18. Rob Grigjanis says

    The problem with talking about negative pressure is that many people confuse that with the idea of less pressure.

    If you blow up and seal a balloon, then increase the pressure in the region around it, the balloon will contract, because the pressure inside the balloon is less than that outside. Whence the idea that negative pressure should somehow cause contraction rather than expansion.

    In this case, there is no ‘outside’, with any pressure (positive, or even less negative) to cause a contraction, and negative pressure is actually just another way of saying that dark energy density is constant (i.e. a property of space itself).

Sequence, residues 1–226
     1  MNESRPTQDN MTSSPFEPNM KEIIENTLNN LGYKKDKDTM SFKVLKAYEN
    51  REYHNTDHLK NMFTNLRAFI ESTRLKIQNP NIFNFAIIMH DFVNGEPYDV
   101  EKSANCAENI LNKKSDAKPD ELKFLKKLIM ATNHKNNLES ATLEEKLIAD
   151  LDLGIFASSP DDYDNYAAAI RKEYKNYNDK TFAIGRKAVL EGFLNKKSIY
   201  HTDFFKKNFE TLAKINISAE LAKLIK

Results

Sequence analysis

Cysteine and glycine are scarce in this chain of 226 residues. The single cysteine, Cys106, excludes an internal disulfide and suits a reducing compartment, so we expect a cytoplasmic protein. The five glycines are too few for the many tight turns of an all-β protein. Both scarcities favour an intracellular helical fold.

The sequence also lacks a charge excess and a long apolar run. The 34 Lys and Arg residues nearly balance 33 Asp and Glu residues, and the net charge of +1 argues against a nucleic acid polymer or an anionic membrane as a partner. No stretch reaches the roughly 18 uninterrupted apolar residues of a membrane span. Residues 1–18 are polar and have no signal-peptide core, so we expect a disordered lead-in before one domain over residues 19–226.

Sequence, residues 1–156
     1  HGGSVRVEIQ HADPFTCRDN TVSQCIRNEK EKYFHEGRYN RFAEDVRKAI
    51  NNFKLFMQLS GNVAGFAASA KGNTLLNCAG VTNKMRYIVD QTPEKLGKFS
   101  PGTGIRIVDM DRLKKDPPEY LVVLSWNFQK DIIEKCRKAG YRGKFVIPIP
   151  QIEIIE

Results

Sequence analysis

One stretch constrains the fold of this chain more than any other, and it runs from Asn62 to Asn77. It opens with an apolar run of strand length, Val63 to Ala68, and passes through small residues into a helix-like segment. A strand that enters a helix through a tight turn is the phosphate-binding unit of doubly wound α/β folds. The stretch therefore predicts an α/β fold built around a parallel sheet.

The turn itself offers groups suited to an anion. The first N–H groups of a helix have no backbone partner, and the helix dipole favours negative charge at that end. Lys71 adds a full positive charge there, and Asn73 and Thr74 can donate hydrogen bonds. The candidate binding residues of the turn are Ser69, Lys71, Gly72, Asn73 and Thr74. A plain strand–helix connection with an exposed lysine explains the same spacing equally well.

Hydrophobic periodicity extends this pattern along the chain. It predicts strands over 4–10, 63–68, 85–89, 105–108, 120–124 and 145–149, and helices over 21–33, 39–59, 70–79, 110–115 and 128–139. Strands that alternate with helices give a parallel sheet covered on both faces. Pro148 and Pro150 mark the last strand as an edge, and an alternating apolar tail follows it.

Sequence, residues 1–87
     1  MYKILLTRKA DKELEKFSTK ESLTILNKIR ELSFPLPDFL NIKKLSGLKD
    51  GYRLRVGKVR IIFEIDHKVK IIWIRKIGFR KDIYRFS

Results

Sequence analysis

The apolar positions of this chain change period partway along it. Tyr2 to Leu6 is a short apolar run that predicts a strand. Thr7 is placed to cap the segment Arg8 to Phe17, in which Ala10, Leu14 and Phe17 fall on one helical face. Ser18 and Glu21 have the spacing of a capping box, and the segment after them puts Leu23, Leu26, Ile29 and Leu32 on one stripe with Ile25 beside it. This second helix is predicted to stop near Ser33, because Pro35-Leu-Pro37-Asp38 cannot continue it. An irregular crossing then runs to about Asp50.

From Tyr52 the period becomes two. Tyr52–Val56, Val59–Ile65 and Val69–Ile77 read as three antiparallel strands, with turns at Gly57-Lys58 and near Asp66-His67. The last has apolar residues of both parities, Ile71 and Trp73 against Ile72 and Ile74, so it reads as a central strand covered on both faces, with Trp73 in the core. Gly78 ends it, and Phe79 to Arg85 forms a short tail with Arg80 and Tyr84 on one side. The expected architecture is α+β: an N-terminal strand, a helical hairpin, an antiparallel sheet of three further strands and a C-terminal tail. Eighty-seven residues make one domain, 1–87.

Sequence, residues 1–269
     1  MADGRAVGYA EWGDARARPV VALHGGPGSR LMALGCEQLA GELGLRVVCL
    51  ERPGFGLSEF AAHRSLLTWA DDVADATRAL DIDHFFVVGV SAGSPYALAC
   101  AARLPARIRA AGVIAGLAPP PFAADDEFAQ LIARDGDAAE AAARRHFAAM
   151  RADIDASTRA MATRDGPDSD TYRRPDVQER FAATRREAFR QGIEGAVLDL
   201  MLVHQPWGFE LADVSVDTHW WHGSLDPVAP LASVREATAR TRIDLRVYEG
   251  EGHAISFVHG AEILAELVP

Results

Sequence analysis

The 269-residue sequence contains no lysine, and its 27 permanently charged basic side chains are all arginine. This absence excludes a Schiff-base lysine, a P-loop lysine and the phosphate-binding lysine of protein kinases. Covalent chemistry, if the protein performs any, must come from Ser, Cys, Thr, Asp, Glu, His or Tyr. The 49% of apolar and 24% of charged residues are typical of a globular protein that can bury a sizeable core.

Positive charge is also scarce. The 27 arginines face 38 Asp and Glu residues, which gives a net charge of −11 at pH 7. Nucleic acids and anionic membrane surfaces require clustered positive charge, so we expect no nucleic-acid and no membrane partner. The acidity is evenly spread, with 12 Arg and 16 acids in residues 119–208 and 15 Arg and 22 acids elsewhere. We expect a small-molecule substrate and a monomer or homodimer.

This is no more intuitive than the concept of negative mass.

  19. raven says

    What we are talking about is an expansion in the fabric of space.

    Now I’m (more) confused.

    1. If the fabric of space is expanded, what happens to the vacuum energy of space, which is nonzero. Shouldn’t it go down per unit of space?

    2. If Dark Energy is an intrinsic property of space, and space is expanded, then it should go down too.

    This sounds like quantum field theory. Dark Energy isn’t energy it is a field. And if I understood Carroll, he is saying that space is being created and with it, more Dark Energy.

  20. Rob Grigjanis says

    Yeah, still an open question (?).

    Hypothetical phantom energy would have an equation of state w<-1, and would cause a Big Rip. Using the existing data, it is still impossible to distinguish between phantom w<-1 and non-phantom w<=1.

    Where w=P/ρ (P pressure, ρ density).